In order to make logical buckets on any street, we can group hands that are close to each other by earth mover’s distance, by average all-in value, or by using a combination of the two. The chart below shows all 169 possible preflop hands, grouped into eight clusters by earth mover’s distance:
Here are those eight clusters sorted out into list form:
- hands with two unpaired cards below an 8x
- non-connected hands that are Jx-, 10x- or 9x-high
- connected or suited middle cards
- weak hands with a Broadway card and 2x2x
- remaining Broadway hands, and hands like 10x9x-suited
- weak aces, weak kings, and small pairs
- big aces, big kings, suited Broadways, and medium pairs
- big pairs (8x8x+)
Some of the group boundaries might look a bit arbitrary, but the groups generally make sense to me as a poker player. It’s also nice to see such groupings created by a mathematical process, rather than with rules written by hand. While it’s much harder to see what this process looks like on the flop, it’s reasonable to suppose that it might produce a preflop strategy that also makes sense. That said, you’d obviously want to use a lot more than eight buckets over all postflop combinations.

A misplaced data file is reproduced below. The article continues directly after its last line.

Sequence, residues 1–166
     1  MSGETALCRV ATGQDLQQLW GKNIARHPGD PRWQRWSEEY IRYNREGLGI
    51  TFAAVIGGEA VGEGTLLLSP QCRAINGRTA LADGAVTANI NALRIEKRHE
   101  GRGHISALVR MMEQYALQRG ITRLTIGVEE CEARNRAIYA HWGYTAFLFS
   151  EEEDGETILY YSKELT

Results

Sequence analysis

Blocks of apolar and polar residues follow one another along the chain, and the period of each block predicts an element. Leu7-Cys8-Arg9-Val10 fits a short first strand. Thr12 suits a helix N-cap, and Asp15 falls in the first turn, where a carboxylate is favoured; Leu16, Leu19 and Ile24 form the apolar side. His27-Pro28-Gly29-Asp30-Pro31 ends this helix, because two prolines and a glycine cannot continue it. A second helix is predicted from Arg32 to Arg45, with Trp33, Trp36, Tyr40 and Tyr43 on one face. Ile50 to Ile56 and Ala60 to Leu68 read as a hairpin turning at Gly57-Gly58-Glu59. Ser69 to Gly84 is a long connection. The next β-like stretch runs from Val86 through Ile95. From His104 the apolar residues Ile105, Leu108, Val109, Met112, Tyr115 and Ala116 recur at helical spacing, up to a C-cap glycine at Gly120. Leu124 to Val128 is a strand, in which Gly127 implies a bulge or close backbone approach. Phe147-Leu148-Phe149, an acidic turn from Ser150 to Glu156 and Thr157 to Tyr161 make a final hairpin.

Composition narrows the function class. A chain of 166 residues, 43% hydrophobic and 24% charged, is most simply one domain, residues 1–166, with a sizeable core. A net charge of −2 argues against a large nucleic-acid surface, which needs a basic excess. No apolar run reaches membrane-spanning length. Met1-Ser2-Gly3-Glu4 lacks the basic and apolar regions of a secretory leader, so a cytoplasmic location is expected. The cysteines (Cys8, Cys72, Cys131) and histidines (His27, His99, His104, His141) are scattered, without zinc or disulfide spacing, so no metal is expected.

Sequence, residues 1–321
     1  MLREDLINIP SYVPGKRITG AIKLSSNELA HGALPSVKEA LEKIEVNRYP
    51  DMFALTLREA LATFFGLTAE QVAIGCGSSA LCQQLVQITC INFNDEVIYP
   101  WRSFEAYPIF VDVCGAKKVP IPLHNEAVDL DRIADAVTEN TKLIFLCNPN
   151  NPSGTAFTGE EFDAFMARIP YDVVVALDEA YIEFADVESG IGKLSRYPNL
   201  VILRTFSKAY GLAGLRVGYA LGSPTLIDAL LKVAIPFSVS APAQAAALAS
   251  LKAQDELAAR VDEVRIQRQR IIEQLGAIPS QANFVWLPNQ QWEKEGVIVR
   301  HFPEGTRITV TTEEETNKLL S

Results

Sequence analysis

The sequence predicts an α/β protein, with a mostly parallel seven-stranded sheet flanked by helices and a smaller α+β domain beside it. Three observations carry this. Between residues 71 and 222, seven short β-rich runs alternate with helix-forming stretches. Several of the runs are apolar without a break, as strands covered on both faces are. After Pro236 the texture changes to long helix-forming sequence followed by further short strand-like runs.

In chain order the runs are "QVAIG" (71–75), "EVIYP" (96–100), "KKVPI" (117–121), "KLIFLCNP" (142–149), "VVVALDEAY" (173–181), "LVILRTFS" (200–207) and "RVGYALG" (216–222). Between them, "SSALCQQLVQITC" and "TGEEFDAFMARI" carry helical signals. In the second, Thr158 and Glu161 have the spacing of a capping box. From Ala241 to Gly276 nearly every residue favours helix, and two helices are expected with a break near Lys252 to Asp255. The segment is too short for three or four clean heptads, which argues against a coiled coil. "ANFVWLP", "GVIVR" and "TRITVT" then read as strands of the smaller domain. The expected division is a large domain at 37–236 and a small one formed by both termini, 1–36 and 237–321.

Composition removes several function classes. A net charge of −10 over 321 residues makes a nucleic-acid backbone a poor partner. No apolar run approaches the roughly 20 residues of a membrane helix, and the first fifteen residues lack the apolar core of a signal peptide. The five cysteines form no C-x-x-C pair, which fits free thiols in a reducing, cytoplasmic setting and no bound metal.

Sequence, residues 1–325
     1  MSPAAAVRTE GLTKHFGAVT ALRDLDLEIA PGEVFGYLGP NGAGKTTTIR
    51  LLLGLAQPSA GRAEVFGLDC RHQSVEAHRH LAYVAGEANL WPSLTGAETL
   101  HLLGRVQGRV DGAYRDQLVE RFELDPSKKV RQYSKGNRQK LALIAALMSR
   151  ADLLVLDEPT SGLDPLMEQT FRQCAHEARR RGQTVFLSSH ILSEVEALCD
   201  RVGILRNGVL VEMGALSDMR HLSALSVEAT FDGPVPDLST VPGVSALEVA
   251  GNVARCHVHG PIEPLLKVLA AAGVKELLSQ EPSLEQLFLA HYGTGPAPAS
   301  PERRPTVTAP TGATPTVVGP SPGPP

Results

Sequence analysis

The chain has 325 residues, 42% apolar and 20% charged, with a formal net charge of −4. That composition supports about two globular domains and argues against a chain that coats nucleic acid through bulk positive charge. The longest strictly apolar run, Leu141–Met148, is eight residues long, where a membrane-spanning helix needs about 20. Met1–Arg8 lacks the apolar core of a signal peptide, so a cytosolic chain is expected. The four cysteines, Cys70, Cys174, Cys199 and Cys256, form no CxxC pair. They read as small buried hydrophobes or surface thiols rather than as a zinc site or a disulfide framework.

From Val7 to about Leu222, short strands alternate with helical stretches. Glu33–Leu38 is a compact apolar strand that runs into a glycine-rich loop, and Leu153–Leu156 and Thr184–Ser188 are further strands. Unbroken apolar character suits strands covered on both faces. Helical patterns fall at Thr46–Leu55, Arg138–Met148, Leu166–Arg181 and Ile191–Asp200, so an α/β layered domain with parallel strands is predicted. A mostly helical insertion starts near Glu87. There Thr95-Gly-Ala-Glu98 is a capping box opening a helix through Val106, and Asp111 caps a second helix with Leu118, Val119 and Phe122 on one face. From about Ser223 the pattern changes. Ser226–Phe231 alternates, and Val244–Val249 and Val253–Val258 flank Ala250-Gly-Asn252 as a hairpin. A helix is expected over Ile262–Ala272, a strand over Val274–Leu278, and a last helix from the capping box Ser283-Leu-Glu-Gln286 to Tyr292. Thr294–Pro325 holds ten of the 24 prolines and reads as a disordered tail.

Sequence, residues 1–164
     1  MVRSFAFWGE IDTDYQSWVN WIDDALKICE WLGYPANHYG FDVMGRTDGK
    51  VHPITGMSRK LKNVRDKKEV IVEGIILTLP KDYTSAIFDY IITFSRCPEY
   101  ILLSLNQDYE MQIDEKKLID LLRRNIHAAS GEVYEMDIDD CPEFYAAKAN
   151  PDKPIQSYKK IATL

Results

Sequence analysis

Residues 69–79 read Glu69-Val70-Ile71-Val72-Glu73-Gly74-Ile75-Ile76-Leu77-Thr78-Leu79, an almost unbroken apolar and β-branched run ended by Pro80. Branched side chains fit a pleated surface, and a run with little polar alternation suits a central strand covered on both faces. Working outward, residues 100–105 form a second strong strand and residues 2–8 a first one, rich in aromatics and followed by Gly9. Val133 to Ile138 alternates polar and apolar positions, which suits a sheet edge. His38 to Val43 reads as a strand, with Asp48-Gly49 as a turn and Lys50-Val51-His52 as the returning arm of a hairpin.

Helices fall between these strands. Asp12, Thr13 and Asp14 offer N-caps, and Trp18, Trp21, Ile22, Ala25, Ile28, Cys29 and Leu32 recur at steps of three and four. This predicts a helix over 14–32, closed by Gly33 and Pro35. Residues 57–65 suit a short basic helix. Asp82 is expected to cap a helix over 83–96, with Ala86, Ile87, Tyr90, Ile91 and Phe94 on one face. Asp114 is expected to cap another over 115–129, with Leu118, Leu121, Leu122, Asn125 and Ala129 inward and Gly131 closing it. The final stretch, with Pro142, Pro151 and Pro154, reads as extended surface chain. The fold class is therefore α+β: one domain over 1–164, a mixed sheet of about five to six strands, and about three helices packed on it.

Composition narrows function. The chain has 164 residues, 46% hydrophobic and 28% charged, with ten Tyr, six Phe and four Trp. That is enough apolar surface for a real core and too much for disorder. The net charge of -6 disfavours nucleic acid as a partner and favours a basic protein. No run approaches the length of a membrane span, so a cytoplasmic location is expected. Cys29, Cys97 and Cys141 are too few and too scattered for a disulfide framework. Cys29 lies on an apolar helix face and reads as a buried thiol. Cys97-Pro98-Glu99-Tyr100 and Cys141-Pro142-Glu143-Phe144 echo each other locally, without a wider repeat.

The best bucketing strategy using no more than 50 million bucketing information sets (which you could reasonably run on a fast modern computer), includes 169 buckets for each preflop hand, 9,000 buckets on the flop, 9,000 buckets on the turn, and 9,000 buckets on the river. These groups were calculated from a mix of the earth mover’s distance and average all-in values against random opponent hands. Once the groupings are established, it’s just a matter of running the CFR equilibrium-finding algorithm over all canonical boards, and pushing the regret from each hand into its assigned bucket.
After CFR runs for a few days (or a few weeks), it will produce a near-equilibrium strategy, with a betting policy for each bucket. Just sit back, and watch the algorithm’s exploitability bounds go down from bet-sized noise, to something less than 1/10 of a big blind per hand, even against a perfect opponent.
Applying the equilibrium to a real game is then as easy as looking up the bucket for your current hand, and flipping a coin if the recommended strategy recommends mixing two or more actions.
Approaching a Limit Hold’em “Solution”
When I learned that heads-up limit hold’em can be solved by a simulation and a few equations, I was excited. But then I became kind of sad.
Although limit hold’em has not been solved as cleanly as games like checkers or Connect Four, the CFR solution to LHE is bit closer to the ones for those games than something like a chess engine. Computers play chess better than any human, but this is largely because they can calculate for positions that haven’t been seen before, they can thoroughly (and quickly) search through possible moves for positions that have been seen, and for opening moves they can quickly find if it has ever occurred in a grandmaster game.